The race was advertised strictly through word of mouth, again to maintain operational security. It took only a few days for more than 600 soldiers and civilians serving all over Afghanistan to sign up to take part in the marathon, which was held last Friday, instead of jointly on the same day of the Boston Marathon.
“As we run the first Boston Marathon since last year’s bombings, we “Run as One” with the people of Boston. Like the U.S. Army’s slogan, “Army Strong,” the people of Boston have shown they are tough, they are resilient; they have shown the world they are “Boston Strong!” Major General Townsend said in a statement issued Friday to the runners of the Bagram Shadow Marathon and the people of Boston.
Father Luke, who apparently had enough energy left in his tank after completing the 26.2-mile event Friday to do some pushups at the finish line, to the delight of the crowd that gathered at sunrise, said he is comfortable in his new role with the military, although there is still much to learn.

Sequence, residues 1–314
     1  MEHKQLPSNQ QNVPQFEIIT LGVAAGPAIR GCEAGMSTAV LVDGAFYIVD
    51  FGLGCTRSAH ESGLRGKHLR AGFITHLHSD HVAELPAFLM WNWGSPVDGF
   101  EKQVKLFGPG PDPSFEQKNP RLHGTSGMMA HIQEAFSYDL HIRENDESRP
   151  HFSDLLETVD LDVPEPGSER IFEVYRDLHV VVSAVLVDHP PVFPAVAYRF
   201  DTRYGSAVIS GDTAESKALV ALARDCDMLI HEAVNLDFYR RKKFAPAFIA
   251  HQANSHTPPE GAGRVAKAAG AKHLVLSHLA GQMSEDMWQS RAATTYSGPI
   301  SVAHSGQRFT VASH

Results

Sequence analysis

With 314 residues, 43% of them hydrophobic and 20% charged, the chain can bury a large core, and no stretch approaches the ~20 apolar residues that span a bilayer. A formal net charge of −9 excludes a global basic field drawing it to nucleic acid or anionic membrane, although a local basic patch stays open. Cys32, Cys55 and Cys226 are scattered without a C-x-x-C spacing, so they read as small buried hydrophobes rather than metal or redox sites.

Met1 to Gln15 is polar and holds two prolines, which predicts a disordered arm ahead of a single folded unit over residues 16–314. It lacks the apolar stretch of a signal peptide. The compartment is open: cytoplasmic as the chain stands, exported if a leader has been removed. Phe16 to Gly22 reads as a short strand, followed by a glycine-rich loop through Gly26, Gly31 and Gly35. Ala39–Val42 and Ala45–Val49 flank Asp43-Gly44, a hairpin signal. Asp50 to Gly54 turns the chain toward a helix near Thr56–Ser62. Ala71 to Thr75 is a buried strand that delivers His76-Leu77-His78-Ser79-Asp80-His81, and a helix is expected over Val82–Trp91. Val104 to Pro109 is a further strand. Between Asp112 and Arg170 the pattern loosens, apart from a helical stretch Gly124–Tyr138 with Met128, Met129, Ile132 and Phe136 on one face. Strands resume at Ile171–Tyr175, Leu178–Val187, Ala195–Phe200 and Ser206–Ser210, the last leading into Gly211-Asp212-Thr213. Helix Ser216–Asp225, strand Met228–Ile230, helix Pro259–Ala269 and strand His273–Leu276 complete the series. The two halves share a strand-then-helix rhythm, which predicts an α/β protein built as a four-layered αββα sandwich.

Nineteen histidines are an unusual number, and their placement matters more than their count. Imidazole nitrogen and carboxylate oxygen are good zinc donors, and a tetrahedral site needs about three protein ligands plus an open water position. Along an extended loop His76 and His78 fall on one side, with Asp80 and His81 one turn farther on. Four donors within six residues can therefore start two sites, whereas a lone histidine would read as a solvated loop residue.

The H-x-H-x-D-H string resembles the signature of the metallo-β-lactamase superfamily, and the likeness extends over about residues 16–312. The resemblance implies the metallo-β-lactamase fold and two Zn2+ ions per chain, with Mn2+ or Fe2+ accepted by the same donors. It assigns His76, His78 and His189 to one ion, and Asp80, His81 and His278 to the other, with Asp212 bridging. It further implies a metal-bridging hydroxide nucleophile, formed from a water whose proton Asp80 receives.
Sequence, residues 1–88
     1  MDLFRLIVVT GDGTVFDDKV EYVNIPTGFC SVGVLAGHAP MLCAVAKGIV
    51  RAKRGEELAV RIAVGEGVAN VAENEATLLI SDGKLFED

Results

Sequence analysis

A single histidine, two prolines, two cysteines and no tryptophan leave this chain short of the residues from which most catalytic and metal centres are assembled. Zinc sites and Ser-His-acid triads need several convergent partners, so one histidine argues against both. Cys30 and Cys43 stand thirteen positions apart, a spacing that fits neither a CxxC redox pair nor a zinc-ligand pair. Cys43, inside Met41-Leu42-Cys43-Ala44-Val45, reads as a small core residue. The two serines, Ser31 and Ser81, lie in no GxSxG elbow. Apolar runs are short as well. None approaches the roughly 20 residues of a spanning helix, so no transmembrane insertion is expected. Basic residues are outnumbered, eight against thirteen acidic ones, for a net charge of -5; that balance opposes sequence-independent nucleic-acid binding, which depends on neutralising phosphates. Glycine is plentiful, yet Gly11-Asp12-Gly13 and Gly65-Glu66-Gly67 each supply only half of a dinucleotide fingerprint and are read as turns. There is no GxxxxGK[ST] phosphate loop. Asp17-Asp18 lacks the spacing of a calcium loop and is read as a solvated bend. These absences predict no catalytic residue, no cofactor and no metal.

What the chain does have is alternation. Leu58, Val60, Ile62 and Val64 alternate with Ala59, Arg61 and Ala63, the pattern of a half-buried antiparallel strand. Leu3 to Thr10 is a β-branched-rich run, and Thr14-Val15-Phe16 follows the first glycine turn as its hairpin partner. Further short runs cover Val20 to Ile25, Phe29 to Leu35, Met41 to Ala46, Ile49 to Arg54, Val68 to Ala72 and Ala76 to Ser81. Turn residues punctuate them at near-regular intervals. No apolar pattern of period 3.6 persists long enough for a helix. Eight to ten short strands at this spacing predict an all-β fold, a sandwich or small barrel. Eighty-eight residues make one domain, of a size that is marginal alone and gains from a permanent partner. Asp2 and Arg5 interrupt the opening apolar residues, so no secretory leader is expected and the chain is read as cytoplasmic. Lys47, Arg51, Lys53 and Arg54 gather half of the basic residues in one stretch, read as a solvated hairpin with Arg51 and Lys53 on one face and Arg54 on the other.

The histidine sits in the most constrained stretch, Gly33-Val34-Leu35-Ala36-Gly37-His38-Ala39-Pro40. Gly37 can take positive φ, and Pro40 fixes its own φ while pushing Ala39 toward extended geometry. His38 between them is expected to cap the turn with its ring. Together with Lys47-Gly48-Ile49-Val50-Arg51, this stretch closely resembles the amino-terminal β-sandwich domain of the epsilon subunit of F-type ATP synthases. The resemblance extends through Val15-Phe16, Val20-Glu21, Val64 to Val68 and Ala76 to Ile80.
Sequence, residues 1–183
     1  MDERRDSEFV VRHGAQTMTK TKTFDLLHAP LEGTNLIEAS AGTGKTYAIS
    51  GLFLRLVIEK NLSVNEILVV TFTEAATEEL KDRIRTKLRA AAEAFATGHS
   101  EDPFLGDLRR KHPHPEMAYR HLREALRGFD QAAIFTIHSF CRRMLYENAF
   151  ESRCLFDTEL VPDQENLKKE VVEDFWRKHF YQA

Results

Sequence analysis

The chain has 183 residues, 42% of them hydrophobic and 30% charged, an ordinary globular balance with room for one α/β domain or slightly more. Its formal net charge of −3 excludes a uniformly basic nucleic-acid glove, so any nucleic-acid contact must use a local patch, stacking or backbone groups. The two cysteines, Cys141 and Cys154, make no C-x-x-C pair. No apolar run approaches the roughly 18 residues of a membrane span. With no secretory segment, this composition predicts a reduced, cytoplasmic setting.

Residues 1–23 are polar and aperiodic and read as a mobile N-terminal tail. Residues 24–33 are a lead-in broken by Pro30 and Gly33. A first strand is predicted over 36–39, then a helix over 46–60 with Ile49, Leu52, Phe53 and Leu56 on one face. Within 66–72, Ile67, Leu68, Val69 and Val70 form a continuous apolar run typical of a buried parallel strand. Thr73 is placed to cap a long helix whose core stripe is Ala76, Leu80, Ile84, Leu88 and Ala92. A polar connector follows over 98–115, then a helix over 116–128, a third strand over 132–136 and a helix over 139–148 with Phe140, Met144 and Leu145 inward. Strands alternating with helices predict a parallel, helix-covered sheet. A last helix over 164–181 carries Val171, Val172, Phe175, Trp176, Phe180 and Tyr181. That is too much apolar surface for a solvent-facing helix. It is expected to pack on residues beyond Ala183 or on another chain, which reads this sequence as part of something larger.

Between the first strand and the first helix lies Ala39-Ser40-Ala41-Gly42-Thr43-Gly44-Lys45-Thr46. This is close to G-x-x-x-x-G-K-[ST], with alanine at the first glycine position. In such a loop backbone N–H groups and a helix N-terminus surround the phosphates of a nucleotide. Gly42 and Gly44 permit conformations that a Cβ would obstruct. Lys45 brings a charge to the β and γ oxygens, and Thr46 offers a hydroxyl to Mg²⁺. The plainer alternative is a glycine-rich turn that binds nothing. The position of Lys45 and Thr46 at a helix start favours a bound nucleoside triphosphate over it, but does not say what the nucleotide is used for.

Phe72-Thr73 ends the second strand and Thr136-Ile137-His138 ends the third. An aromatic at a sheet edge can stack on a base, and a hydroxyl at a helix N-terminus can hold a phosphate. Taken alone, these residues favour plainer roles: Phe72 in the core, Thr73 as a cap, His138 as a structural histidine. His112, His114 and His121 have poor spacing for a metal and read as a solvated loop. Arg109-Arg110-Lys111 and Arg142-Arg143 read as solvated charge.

“So far, everything is going really well; everything is new to me,” he said. “I’m still learning how to be a chaplain and how I fit in.”
On a day-to-day basis, his ministry entails “lots of counseling,” including suicide prevention and resiliency trainings to help soldiers cope with their missions and prepare for their eventual return to civilian life, as well as hearing confessions and offering Masses. While celebrating the Easter Vigil Mass at the base, he baptized nine soldiers into the Catholic Faith.